the core of the BJE is defined as the present geographic area of the ARMM – thus constituting the following areas: Lanao del Sur. The activities which the 17 of 90 6/21/13 9:20 PM . [43] authority and management over all natural resources. Tawi-Tawi. the BJE is to cover other provinces. Maguindanao. Basilan. in favor of the latter. years apart from each other. Category B areas. cities. which are grouped into two categories. are to be subjected to a plebiscite twenty-five (25) years from the signing of a separate agreement – the [41] Comprehensive Compact.R.” which shall stretch beyond the BJE internal waters up to the baselines of the Republic of the Philippines (RP) south east and south west of mainland Mindanao. this core also includes certain municipalities of Lanao del Norte that voted for inclusion in the ARMM in the [39] 2001 plebiscite. that the BJE shall also have “territorial waters.judiciary. The Parties to the MOA-AD stipulate that the BJE shall have jurisdiction over all natural resources within its “internal waters.” defined as extending fifteen (15) [42] kilometers from the coastline of the BJE area. Category A and Category B. and Marawi City.” The MOA-AD further provides for the sharing of minerals on the territorial waters between the Central Government and the BJE. More specifically. through [44] production sharing and economic cooperation agreement.G. Each of these areas is to be subjected to a plebiscite to be held on different dates. also called “Special Intervention Areas. Significantly. Notably. Sulu. Category A areas are to be subjected to a plebiscite not [40] later than twelve (12) months following the signing of the MOA-AD. Outside of this core. municipalities and barangays. Thus. the jurisdiction over the internal waters is not similarly described as “joint. the BJE and the “Central Government” (used interchangeably with RP) shall exercise joint jurisdiction.gov.” on the other hand. No. 183591 http://sc.ph/jurisprudence/2008/october2008/1835.. and that within these territorial waters..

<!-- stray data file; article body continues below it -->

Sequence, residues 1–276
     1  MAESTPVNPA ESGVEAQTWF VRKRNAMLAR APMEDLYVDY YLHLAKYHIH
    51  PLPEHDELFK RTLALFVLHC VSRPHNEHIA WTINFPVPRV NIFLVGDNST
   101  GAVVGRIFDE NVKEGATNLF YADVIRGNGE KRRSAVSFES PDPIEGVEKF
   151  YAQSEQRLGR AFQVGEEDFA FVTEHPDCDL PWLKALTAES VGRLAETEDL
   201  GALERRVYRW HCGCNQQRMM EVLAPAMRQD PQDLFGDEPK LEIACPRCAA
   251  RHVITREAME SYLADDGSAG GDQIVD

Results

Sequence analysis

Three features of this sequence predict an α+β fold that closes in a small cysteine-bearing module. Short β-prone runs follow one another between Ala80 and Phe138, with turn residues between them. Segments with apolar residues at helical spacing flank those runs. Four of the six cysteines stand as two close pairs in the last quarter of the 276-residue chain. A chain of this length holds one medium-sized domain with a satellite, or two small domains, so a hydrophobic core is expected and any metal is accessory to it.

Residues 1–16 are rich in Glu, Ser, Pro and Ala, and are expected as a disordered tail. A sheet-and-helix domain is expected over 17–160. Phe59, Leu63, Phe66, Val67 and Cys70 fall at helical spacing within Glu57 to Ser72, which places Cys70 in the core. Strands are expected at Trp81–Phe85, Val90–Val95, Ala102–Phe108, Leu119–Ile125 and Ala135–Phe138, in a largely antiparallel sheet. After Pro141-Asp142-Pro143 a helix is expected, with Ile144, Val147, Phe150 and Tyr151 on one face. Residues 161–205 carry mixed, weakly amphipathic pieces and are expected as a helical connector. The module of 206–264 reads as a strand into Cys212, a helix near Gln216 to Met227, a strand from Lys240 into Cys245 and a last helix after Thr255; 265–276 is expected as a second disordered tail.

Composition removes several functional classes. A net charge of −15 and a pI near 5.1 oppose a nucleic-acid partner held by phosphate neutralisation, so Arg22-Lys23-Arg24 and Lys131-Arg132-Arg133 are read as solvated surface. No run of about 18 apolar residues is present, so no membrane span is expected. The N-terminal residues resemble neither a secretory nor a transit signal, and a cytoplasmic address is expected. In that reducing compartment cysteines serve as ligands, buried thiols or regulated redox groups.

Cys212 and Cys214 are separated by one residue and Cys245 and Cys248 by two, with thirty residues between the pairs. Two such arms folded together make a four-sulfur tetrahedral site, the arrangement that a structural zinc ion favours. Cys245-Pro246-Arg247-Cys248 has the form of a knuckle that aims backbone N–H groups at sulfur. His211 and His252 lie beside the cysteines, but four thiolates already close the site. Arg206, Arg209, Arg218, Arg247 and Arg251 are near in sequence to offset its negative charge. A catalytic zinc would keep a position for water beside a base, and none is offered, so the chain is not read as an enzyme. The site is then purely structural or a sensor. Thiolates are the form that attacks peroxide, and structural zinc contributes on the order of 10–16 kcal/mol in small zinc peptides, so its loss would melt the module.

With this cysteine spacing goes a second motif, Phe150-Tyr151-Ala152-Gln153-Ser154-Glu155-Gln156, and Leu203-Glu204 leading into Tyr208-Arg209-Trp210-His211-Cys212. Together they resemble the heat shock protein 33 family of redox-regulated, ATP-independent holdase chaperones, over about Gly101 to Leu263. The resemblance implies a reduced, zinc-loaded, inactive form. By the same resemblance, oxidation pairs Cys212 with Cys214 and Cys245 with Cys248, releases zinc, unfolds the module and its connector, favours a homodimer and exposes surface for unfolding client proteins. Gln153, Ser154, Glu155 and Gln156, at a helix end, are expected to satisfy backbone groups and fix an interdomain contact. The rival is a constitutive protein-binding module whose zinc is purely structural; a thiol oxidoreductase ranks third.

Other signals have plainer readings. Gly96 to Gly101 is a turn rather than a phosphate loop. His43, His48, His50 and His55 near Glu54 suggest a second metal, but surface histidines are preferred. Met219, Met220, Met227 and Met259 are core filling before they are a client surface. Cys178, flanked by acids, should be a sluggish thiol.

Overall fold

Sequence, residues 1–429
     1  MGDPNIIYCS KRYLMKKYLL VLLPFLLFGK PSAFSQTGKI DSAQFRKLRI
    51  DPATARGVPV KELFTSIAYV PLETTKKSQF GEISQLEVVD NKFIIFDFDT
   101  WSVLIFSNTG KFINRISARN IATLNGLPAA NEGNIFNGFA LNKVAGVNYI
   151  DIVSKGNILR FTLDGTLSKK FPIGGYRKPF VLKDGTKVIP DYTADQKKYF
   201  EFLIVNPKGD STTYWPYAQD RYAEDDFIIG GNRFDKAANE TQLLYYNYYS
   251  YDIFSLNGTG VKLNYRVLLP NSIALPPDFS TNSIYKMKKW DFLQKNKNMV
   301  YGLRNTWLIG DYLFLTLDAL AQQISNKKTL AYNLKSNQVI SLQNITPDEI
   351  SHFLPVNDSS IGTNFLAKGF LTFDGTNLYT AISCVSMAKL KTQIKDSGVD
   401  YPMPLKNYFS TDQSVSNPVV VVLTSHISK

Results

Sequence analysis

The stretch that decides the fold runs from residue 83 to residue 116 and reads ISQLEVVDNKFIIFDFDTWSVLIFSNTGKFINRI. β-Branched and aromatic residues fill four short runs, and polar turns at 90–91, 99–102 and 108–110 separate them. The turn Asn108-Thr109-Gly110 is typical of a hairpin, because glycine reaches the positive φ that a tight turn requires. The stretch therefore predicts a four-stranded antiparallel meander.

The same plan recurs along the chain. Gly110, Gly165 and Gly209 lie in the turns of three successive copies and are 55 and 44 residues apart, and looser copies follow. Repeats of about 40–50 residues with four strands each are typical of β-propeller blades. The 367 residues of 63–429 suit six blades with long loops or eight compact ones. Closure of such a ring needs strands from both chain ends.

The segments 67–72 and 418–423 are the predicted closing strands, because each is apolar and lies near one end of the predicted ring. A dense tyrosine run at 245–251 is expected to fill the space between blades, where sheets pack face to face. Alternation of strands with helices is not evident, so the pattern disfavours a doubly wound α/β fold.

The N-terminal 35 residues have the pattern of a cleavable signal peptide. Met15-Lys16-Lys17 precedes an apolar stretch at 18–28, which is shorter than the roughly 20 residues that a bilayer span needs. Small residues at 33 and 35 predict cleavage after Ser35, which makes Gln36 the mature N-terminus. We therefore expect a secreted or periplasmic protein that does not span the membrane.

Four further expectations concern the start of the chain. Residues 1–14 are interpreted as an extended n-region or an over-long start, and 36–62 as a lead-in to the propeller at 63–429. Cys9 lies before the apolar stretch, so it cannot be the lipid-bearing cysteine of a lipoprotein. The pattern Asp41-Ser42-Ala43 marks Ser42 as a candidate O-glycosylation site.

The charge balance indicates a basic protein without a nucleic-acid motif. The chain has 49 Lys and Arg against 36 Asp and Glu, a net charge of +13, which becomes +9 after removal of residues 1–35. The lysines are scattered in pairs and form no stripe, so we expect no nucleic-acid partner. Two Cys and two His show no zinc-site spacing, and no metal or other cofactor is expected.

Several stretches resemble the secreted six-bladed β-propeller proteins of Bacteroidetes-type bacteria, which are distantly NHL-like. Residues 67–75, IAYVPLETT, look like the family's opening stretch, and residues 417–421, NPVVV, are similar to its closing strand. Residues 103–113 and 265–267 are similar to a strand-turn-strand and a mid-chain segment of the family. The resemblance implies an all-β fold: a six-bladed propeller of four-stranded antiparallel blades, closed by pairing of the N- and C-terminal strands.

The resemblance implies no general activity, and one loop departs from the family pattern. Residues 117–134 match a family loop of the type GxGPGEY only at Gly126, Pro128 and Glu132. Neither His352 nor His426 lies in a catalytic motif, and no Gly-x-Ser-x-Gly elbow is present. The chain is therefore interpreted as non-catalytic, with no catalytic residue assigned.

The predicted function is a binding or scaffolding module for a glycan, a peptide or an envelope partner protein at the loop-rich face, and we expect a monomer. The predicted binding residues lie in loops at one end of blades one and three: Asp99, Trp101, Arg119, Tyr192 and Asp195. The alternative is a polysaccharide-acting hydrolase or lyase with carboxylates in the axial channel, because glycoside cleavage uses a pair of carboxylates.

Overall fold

There is no similar provision on the sharing of minerals and allowed activities with respect to the internal waters of the BJE.” This right carries the proviso that. C. when public interest so requires. mineral oil and natural gas. The BJE is to be entitled to participate in Philippine official missions and delegations for the negotiation of border agreements or protocols for environmental protection and equitable sharing of incomes and revenues involving the bodies of water adjacent to or between the islands forming [47] part of the ancestral domain. assume or [48] direct the operation of such resources. and the enforcement of police and safety measures. Parties are allowed to conduct on the territorial waters are enumerated. With regard to the right of exploring for.judiciary. however. The BJE may also enter into environmental [46] cooperation agreements. petroleum.. “in times of national emergency. No. fossil fuel. producing.R. and obtaining all potential sources of energy. RESOURCES The MOA-AD states that the BJE is free to enter into any economic cooperation and trade relations with foreign countries and shall have the option to establish trade missions in those countries. 183591 http://sc.” the Central Government may. The external defense of the BJE is to remain the duty and obligation of the Central Government..G. are not to include aggression against the GRP. Such relationships and understandings.gov. the jurisdiction and control thereon is to be vested in the BJE “as the party having control within its territorial jurisdiction. regulation of shipping and [45] fishing activities. among which are the exploration and utilization of natural resources.ph/jurisprudence/2008/october2008/1835. The Central Government is also bound to “take necessary steps to ensure the BJE’s participation in international meetings and events” like those of the ASEAN and the specialized agencies of the UN. 18 of 90 6/21/13 9:20 PM . for a fixed period and under reasonable terms as may be agreed upon by both Parties.